Claire Foy Cover Story

“I suppose it was lovely to know that I wasn’t going into a scene where I was howling, crying, or delivering intense dialogue for once,” Claire Foy says with a laugh, reflecting on her upcoming role as 19th-century governess Emily in The Electrical Life of Louis Wain. “So many of the characters I’ve played in recent years have been... incredibly intense emotional experiences,” she says, eyes wide and reflecting on the plethora of roles that have made her a household name on both sides of the Atlantic…

The 17 worst episodes of your favourite TV shows

It feels like we’re treated to new episodes of great television series every week – but even our favourite shows sometimes get it wrong. Remember the episode of Stranger Things when Eleven went AWOL to team up with a gang of runaways? Or the episode of Friends that lazily told the story of Ross and Rachel’s romance entirely through a clip show? These are the episodes we’ve come to hate and, below, we run through the worst (and most polarising) episodes of your favourite shows, including Game of Thrones and Breaking Bad...

The Q&A: Brian Cox

FOR A LEGION of viewers, Brian Cox is now best known as fire-breathing über-CEO Logan Roy in Jesse Armstrong’s comedy-drama Succession. But as his new memoir, Putting The Rabbit In The Hat, reveals, it’s been a long journey to Logan: from Cox’s Scottish working- class roots to numerous high- profile roles in films such as Braveheart and Manhunter — plus lesser-known parts along the way, including one in The Glimmer Man alongside Steven Seagal, an actor he declares“as ludicrous in real life as he appears on screen”. With Succession’s third season now airing, Cox doesn’t hold back...

Rebel Dykes - Review

Harri Shanahan and Siân A. Williams’ documentary charts the groundbreaking work of female LGBTQ+ activists in the ’80s, opposing the Tory government’s homophobia by any means necessary. Rebel Dykes tells the little-known story of a group of friends who met in the ’80s and bonded over art, punk and, most importantly, queer women’s rights. It charts their journey from their beginnings as a rebellious punk-art group to a band of powerful activists for the LGBTQ+ community, via high-profile protests…

The urgent need to make live music spaces safer for women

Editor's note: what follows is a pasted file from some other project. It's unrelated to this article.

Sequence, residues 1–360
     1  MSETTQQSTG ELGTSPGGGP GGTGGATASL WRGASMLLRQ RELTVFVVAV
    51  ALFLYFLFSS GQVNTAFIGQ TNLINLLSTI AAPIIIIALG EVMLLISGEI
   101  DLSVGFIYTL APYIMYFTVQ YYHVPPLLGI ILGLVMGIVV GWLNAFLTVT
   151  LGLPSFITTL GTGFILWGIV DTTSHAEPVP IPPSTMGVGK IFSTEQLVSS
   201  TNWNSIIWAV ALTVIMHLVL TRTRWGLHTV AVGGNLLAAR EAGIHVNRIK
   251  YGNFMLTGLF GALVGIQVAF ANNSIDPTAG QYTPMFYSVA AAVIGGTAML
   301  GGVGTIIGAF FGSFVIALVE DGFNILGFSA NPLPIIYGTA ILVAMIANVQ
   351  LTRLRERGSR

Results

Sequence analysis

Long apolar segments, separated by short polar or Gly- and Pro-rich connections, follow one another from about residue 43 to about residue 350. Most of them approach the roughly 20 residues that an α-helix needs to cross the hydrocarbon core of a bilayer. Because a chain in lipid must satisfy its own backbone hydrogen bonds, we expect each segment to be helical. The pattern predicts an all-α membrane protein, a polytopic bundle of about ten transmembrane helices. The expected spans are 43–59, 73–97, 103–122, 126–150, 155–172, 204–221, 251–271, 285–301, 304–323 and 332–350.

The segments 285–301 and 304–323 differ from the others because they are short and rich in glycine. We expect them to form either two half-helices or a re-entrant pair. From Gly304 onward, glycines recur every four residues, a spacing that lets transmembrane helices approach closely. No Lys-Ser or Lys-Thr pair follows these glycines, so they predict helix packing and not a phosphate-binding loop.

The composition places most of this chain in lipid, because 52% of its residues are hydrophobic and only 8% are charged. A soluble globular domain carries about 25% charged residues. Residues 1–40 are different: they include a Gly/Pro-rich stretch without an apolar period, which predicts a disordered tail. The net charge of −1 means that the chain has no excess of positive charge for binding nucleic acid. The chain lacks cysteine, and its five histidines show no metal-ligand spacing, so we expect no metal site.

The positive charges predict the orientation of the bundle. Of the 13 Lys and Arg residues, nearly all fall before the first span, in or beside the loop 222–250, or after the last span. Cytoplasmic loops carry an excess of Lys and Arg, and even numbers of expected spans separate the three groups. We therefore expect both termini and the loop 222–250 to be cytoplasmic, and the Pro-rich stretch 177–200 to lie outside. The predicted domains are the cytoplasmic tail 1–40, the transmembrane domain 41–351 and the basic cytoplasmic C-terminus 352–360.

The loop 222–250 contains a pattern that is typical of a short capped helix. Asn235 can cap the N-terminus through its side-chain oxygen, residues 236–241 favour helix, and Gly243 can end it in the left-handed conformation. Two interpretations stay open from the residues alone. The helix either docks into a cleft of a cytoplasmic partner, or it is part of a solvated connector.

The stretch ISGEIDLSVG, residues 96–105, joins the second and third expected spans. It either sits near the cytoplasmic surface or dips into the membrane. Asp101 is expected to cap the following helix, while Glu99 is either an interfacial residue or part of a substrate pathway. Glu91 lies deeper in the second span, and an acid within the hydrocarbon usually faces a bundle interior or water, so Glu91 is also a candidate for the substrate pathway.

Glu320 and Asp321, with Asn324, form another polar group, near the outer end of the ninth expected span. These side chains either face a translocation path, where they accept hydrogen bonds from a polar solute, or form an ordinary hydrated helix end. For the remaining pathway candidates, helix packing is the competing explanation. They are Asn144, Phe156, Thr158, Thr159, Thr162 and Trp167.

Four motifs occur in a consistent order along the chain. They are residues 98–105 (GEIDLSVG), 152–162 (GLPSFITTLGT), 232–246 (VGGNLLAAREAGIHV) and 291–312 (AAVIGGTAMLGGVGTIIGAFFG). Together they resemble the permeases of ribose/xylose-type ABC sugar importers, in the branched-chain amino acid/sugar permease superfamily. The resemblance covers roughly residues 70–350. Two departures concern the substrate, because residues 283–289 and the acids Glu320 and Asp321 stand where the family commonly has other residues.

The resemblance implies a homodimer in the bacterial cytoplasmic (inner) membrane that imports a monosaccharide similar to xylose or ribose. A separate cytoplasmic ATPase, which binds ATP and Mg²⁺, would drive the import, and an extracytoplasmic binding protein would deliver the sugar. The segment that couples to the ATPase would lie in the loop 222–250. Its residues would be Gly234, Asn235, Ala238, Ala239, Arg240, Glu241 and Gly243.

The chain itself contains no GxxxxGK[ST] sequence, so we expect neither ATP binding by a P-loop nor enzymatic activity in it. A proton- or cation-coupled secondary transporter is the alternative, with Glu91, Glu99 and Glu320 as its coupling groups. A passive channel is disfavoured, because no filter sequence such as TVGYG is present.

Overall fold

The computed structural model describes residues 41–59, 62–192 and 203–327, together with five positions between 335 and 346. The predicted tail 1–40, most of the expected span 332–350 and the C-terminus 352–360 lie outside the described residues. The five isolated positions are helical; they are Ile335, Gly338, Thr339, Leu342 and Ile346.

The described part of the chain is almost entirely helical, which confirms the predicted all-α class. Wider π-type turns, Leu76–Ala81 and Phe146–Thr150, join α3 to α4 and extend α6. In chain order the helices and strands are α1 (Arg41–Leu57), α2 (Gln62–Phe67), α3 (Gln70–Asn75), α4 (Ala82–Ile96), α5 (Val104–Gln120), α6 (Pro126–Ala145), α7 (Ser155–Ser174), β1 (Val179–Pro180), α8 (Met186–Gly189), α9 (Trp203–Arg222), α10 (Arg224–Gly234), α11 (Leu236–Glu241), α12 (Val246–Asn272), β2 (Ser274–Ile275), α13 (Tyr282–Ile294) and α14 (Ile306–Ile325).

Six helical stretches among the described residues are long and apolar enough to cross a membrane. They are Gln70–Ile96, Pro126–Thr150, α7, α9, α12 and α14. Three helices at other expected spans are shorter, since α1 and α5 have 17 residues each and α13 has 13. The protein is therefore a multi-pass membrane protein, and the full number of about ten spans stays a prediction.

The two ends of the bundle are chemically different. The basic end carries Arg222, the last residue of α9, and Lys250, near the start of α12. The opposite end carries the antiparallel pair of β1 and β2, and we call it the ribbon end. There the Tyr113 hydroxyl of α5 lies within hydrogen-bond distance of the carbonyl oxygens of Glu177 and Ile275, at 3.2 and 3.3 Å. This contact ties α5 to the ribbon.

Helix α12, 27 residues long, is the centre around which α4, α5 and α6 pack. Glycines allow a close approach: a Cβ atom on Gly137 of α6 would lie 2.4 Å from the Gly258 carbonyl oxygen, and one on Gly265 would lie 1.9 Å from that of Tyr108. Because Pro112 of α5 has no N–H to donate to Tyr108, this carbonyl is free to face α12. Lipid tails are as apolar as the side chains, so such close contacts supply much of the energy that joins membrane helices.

Sarah, 23, was enjoying her first festival post-lockdown when it happened. She was near the stage in a crowded space, and a man started to dance close to her. She felt uncomfortable. “I asked him to move,” Sarah recalls. “He just ignored me.” She moved away, but he followed her. “Ten minutes or so after this, he put his hand up my skirt and assaulted me. He then disappeared into the crowd.” Sexual assaults like this at gigs and festivals are endemic...

Bastille Cover Story - Rolling Stone

Bastille are attempting to fit onto a small black couch in a studio in east London. They’re struggling to get their faces into full view on the laptop screen and so squeeze up some more. Bass player Kyle Simmons perches on the left arm of the sofa next to frontman Dan Smith, who he asks to “budge up”. Drummer Chris “Woody” Wood sits snugly next to Dan and guitarist Will Farquarson bookends the quartet, all four squashed together and sinking awkwardly into the sofa until they find their balance…

The art of Radiohead’s Kid A and Amnesiac: ‘We were all in a state of wild madness’

“I don’t think anyone is prepared for fame and all the things that come with it,” says long-term Radiohead collaborator Stanley Donwood. The visual artist should know: he has created all their album covers to date and was there to witness how shell-shocked the group were following the success of their third album, 1997’s OK Computer. “Everyone thinks fame is great but it’s very weird. Psychologically, being famous put them into a really strange place.

Gregory Porter - The Saturday Interview

I said my whole life my father gave me nothing,” says jazz musician Gregory Porter, “but the very reason I fill the Royal Albert Hall, the very reason I do television shows and all this, is because of a gift from him.” That gift was his voice. A velvety blues-baritone, it melds optimism with grit, hinting at pain without ever letting it dominate. It’s been compared to Lou Rawls, Bill Withers and Teddy Pendergrass – but he got it from his dad.

Edgar Wright: ‘The idea of there being the good old days in any form is a fallacy’

“I still get anxiety at the start of every working day,” says Edgar Wright, now almost 27 years into his filmmaking career. Outwardly, the director of Hot Fuzz and Shaun of the Dead is confident – gregarious even, both on set and today on video call from a London hotel – but he is hardly immune to nerves. “I get asked by film students if I ever suffer from imposter syndrome,” he explains, “and I say, ‘Yes, every single day.’ I always walk onto set thinking that I’m going to be found out…”